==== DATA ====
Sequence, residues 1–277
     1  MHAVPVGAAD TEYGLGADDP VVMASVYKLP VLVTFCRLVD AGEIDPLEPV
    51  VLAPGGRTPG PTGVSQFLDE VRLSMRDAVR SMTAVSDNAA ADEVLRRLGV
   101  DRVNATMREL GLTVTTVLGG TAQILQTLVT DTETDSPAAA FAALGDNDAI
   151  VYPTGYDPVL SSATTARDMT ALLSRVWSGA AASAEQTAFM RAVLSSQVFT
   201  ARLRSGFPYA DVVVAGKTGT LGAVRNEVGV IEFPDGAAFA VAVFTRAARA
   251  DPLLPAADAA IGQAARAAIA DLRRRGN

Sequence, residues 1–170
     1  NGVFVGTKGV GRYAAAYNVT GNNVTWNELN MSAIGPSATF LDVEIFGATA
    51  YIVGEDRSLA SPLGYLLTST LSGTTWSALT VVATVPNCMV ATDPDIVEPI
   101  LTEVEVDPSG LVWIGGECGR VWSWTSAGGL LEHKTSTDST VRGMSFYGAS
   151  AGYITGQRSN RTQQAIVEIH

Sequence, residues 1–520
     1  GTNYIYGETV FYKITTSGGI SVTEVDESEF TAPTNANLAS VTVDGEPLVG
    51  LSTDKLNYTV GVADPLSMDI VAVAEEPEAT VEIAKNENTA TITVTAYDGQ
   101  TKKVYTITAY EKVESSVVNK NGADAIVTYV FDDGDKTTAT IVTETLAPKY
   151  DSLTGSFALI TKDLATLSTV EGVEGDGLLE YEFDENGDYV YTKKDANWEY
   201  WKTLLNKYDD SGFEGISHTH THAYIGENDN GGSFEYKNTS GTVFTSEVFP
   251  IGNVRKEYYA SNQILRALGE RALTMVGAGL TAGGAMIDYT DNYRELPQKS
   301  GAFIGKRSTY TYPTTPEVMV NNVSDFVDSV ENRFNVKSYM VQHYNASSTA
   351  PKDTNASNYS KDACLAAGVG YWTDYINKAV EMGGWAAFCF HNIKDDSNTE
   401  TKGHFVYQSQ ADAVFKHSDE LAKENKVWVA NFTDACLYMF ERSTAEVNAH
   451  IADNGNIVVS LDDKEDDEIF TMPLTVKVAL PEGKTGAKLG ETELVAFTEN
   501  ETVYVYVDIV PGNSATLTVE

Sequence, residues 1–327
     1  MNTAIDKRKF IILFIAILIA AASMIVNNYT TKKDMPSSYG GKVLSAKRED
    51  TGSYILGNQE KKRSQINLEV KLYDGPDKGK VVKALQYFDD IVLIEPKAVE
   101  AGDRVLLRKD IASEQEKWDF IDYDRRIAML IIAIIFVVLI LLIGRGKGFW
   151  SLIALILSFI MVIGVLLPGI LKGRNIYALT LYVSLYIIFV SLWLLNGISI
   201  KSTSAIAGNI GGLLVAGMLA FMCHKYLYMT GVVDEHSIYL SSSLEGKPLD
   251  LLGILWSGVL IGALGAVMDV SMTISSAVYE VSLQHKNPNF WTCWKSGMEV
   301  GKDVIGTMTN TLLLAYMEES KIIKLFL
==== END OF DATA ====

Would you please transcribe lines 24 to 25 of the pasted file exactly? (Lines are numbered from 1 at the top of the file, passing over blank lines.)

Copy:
   501  ETVYVYVDIV PGNSATLTVE

Sequence, residues 1–327